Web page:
Again showing an adept hand with fish and seafood the next dish was the best of the group even though it was once more an exercise in “which ingredient doesn’t belong?” Titled “Mackerel, Miso, Daikon, Meyer Lemon, Sardine, Buckwheat, Leek” and accompanied by a cup of “Smoked Anchovy, Creamy Rocket Veloute, and Frangelico” the answer to the question was Meyer Lemon – an ingredient I’m rather certain is not native to France, and thankfully an ingredient that was easily pushed aside. With the Mackerel actually glazed in Miso before being seared with the scale side down and then coated with buckwheat I can honestly say this was the best Mackerel I’ve ever had – a small portion, but a stunning one. Moving on to the soup – I only wish Barbot had used citrus like he did alcohol because although I have no idea how he thought to pair spicy arugula, fragrant Frangelico, and Anchovy I’m glad he did as each unique flavor seemed to balance the others into something wholly delicious.
Our fifth proper course of the evening would be the best that we would receive – a dish stated to be Guinea Fowl, Onion stuffing, Vin Jaune, Morel, Cabbage, and Comte sauce. Beginning with two rounds of the buttery smooth fowl – one breast and one leg – with a rich onion, wine, and oyster stuffing beneath the skin the bird itself was phenomenal and the plating a sight to behold. Not to be outdone, resting beneath the protein were a pair of opposites – large earthy morels piped full of a creamy cabbage puree and a roll of cabbage stuffed with chopped morels – both lovely and the whole plate all the better with an ethereal savory comte foam.
Having watched the earlier tables around us receive their dishes I was excited for the next course – a scarlet game bird that looked to be pigeon…unfortunately that course would never arrive and instead our next plate would be the plate that followed the pigeon for our neighbors – a “Tasting of lamb” with saddle, belly, confit of leg, and kidney plated with a quenelle of eggplant and licorice, green olive, miso, and mushroom jus. A veritable gout attack on a plate following the foie gras, sardines, etc this was actually my first time experiencing lamb kidney and although quite smooth and tasty it was my least preferred of the degustation as all the other portions were shining examples of young lamb done right. With the entirety of the plate quite savory and even the licorice and olive relatively muted it was again here that Barbot showed a great deal of restraint that I wish we’d have seen with the earlier
With both myself and my dining partner wondering what would come next and hoping for the pigeon our wishes were unfulfilled as the next course would be the night’s palate cleanser – a tasty and spicy sorbet of Lemongrass, chili pepper, and ginger. Inquiring from our server what the bird course was and what menu it was a part of we were merely told “the menu is different for everyone” and when we persisted and asked if it could be ordered we were simply dismissed with the same answer. Rather annoyed at this point by the intentionally vague answer more fuel was added to the fire as the couple to our left, the dog table, and one other received Barbot’s famous “surprise” dish – Mousse de Pomme de Terre – while my table and the couple to the right were again ignored.
For dessert, the collection would arrive as a trio – each unique, light, and tasty but only one truly memorable. Beginning first with a flat panna cotta of Rhubarb Compote with Pineapple and Rice Cracker the concept seemed similar to that of a crème brulee without the blowtorch and the sweet fruits balanced nicely beneath the crunchy cracker.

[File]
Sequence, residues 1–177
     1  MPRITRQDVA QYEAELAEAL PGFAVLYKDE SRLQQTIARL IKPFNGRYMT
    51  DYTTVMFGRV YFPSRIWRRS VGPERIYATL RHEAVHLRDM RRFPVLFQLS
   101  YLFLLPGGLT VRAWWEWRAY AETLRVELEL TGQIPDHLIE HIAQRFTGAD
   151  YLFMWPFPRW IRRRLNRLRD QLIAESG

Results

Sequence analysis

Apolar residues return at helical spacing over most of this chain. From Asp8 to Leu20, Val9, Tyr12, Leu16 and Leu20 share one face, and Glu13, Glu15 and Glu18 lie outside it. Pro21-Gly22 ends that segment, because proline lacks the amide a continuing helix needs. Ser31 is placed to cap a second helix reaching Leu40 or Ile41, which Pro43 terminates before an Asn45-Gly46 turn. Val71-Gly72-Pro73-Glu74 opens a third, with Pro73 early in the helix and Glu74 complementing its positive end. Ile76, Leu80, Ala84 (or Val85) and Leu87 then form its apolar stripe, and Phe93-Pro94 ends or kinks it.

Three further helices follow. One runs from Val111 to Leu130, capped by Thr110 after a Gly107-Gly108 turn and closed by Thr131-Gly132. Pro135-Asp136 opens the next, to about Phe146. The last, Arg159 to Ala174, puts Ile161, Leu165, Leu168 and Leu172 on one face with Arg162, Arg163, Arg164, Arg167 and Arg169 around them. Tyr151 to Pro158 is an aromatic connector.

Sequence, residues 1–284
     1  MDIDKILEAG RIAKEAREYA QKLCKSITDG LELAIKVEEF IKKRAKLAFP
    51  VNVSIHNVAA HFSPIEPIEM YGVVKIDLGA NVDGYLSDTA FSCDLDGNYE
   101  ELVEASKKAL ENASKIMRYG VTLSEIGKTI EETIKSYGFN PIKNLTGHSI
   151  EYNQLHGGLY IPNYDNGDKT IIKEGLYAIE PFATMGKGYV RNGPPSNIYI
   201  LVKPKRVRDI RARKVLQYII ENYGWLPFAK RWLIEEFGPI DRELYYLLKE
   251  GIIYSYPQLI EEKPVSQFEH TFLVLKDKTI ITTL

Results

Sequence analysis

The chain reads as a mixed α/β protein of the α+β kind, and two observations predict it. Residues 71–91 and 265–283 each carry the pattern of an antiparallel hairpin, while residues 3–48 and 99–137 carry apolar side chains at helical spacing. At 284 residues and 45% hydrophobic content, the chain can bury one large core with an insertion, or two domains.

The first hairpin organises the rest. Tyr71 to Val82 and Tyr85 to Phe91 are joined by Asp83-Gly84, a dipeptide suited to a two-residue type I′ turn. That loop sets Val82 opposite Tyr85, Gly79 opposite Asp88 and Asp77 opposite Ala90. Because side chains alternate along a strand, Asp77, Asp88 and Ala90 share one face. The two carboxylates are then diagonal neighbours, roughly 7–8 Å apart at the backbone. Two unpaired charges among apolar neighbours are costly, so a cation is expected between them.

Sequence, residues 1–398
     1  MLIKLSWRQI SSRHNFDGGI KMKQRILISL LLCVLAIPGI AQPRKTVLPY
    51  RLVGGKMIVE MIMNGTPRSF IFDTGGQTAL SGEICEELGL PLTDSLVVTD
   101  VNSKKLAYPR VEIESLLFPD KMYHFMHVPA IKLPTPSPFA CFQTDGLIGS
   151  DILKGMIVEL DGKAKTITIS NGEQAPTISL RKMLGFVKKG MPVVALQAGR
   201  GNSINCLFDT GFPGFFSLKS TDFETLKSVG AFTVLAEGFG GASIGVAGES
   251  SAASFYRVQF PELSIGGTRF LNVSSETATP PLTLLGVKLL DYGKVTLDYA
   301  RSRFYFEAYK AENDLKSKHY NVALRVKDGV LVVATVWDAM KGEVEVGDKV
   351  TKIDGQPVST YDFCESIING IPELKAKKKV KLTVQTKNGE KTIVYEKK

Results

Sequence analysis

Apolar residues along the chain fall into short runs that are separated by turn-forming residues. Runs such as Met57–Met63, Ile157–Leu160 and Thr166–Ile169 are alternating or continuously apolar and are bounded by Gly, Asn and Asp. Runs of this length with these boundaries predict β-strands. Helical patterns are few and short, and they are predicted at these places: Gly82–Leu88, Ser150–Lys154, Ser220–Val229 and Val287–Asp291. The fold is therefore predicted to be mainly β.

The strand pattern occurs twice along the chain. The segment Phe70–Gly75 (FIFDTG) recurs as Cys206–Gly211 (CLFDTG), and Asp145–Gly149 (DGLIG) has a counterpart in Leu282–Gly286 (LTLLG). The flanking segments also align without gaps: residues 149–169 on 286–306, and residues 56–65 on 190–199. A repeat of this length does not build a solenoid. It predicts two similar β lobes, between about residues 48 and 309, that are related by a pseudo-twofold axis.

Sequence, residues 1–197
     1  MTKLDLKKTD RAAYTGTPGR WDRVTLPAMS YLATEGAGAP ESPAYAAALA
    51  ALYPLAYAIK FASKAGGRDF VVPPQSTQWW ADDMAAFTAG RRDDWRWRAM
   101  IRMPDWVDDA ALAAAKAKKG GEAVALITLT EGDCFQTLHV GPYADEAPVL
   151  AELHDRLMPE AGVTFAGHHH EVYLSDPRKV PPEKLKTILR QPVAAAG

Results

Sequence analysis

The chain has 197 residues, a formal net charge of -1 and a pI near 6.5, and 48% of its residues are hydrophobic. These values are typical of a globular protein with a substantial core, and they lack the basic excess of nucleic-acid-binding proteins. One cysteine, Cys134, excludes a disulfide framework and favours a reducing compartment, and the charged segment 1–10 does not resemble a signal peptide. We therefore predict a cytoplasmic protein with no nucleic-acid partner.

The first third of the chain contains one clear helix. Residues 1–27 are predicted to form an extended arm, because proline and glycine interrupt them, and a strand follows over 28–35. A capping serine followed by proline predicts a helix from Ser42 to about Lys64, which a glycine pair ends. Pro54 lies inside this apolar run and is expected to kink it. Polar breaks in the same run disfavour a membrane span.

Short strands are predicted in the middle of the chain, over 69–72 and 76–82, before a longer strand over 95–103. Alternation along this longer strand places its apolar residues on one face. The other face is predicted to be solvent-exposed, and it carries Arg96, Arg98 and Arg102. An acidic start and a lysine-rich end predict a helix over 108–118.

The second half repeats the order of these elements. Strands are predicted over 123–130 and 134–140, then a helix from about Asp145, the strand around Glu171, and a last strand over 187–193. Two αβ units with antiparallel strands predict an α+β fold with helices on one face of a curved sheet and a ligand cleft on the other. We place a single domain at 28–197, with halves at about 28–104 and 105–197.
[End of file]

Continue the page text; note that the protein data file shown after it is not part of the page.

The second dessert, favored by my friend but largely underwhelming me due to my generally blasé feelings for passion fruit, was Passion Fruit Mousse in a Tart with Green Tea. Another extremely light presentation with the grassy matcha acting to even out the tooth-aching sweet mousse I actually enjoyed the tart – I only wish a different fruit would have been featured as its filling.
The final dessert, the least composed and most tasty, was Orange and Honey Ice Cream with Pistachio Cream and Shortbread – light and creamy, sweet but balanced by the buttery shortbread – and that Pistachio cream…it was potentially the best pastry cream I tasted in all of Paris.
Still sore about the pigeon and the mousse I’m rather certain the mood was palpable as the final bites of the meal were delivered rather coolly but with ample description – the first a pairing of Sticky yet delectable Chestnut Honey Madelines and a plate of fresh fruits including Dates, Pineapple, Mango, and Grapes and the second a Jasmine Eggnog served in an eggshell – a flavor I found cloying and my friend compared to the smell of a urinal cake.
With the bill settled, bag collected, and a copy of the menu requested it was not long before we found ourselves back on the Rue Beethoven just five minutes after 11:00pm. Having already noted my friend’s comments about the Emperor’s New Clothes with regard to not understanding the hype I will expound further and say that I actually DO understand the hype as the food can occasionally be brilliant. What I don’t understand is the restaurant’s attitude – serving whatever it wants to whomever it wants, placing eccentric and contradictory ingredients in places they never belonged – it is like they are unapologetically experimenting at the customer’s expense while treating the diner as though it is a privilege to act as a guinea pig. Who knows – perhaps I caught them on a bad night – but considering my previous three-star experiences both in Paris and Stateside there was simply no excuse for some of the dishes we were served…or the ones we weren’t served. Then again, I guess L’Astrance never offered an excuse and all things considering I imagine it never does – you’re paying for them to do whatever they want.